Published by New York State Law Reporting Bureau pursuant to Judiciary Law § 431.
This opinion is uncorrected and subject to revision before publication in the Official Reports.
Saxe, J.P., Sweeny, Moskowitz, Freedman, Manzanet-Daniels, JJ.
Order, Supreme Court, Bronx County (Edgar G. Walker, J.), entered on or about June 3, 2011, which granted defendant's motion to suppress physical evidence, unanimously reversed, on the law and the facts, the motion denied and the matter remitted for further proceedings.
The testimony credited by the hearing court established that defendant gave the police implicit consent to search his bag. In the presence of officers who were conducting an investigation, defendant's mother called defendant into the living room and asked him if it was true that he was keeping firearms in the apartment. Defendant admitted that this was true, and that the weapons were in his bedroom. Defendant took an officer into his bedroom, pulled out a bag and placed it on top of his bed. The officer then opened it and found the weapons.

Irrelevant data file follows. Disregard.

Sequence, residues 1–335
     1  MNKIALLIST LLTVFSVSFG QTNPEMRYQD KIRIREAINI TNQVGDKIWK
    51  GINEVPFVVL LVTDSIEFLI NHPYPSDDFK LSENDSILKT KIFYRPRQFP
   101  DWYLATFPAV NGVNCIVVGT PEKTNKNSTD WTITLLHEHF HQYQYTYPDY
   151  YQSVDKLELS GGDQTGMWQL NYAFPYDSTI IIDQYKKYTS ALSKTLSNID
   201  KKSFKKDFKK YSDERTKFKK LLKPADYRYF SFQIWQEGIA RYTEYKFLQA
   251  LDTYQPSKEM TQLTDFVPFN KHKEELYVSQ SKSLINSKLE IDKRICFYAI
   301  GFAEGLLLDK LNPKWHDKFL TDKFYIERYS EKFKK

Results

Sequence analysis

The only reasonable interpretation of defendant's course of conduct was that he was voluntarily surrendering the bag to the police, or at least offering it up for inspection. This was an implied consent to look inside the bag and confirm the presence of the weapons that defendant had already admitted possessing (see People v Smith, 239 AD2d 219 , lv denied 90 NY2d 911 ; United States v Reynolds, 646 F3d 63, 73 [1st Cir 2011]).
In light of the foregoing, we do not reach the People's alternate contention.
THIS CONSTITUTES THE DECISION AND ORDER OF THE SUPREME COURT, APPELLATE DIVISION, FIRST DEPARTMENT.
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